1.Make a list of at least two cars that you would consider purchasing. To be fair, the cars should be in the same class (such as compact, midsize, and so on) and made in the same year.
Two cars that I would choose that are small and fuel efficient are Toyota Corolla and Pris c. They were both made in 2015 and the Pris c costs $19,540 and the Toyota Corolla costs $16,950.
2.Collect information regarding the two cars in your list by ﬁnding at least eight cars of each type that are for sale. Obtain information such as the asking price and the number of miles the car has. Sources of data include your local newspaper, classiﬁed ads, and car websites (such as www.cars.com). Compute summary statistics for asking price, number of miles, and other variables of interest. Summary statistics should include the mean, standard deviation, median, and range. In your main post, present your data, plus the summary statistics for each car.
3.Go to the Insurance Institute for Highway Safety website (www.iihs.org). Select the Vehicle Ratings link. Choose the make and model for each car you are considering. Obtain information regarding crash testing for each car under consideration. Compare cars in the same class. How does each car compare? Is one car you are considering substantially safer than the other? What about repair costs? Compute summary statistics for crash tests and repair costs. Remember summary statistics should include the mean, standard deviation, median, and range.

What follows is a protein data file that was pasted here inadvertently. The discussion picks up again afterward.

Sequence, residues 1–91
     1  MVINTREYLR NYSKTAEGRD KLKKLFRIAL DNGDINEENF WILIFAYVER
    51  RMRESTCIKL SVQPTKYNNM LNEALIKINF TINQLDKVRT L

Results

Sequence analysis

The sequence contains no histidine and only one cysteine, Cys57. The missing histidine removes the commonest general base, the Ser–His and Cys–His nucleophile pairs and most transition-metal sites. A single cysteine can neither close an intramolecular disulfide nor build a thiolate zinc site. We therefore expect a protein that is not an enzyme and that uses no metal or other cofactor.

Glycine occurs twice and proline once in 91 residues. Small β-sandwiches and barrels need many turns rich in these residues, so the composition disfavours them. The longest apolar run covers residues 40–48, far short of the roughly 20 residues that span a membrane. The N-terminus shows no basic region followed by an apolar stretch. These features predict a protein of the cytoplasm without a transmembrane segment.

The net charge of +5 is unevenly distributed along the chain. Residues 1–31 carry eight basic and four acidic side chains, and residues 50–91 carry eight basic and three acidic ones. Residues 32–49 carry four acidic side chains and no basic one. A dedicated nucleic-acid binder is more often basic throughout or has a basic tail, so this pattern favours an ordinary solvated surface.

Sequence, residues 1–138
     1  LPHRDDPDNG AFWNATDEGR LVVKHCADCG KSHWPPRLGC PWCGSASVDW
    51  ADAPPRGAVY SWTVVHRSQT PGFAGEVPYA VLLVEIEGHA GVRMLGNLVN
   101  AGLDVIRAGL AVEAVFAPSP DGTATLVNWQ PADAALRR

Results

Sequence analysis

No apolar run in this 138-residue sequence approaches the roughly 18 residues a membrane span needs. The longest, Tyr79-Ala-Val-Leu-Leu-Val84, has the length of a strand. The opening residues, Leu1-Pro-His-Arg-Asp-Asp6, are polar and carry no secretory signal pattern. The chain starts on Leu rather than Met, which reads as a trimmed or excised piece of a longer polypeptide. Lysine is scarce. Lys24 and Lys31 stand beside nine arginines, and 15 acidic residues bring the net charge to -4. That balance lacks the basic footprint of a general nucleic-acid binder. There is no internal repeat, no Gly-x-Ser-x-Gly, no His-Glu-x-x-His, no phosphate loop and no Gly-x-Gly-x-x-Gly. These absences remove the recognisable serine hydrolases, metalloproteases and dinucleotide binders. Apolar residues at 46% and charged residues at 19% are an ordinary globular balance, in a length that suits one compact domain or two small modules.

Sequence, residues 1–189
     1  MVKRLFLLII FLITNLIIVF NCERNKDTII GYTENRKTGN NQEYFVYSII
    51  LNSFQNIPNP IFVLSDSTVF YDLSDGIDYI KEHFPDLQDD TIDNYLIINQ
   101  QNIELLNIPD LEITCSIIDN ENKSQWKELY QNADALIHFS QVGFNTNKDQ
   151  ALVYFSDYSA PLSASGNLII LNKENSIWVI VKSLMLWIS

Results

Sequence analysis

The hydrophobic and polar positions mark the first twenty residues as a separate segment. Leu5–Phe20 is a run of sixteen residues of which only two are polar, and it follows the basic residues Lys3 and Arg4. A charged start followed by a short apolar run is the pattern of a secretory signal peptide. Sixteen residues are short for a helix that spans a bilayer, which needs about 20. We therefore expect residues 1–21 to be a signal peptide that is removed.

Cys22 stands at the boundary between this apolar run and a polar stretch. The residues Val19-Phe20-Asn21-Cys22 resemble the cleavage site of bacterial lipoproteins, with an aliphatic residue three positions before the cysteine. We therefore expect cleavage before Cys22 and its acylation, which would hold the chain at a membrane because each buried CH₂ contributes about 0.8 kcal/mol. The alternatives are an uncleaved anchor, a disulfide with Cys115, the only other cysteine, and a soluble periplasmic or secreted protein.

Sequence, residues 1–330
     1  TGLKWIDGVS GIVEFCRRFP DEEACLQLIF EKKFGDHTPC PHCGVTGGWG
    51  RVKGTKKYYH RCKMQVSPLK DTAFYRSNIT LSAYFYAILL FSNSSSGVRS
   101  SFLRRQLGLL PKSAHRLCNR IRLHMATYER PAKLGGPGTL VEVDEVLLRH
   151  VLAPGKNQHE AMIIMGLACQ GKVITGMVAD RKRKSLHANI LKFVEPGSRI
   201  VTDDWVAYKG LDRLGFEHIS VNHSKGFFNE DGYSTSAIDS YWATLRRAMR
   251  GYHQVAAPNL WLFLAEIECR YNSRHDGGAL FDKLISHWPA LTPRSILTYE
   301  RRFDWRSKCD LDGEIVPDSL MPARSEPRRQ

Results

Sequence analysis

4.Your best friend is looking into buying a car and happens to be debating between the exact makes and models you have chosen. Which car would you advise your friend to buy? Support your opinion by explaining which has the highest asking price; which has the highest average repair cost; and which has the most consistent asking price (hint: use the standard deviation to answer this).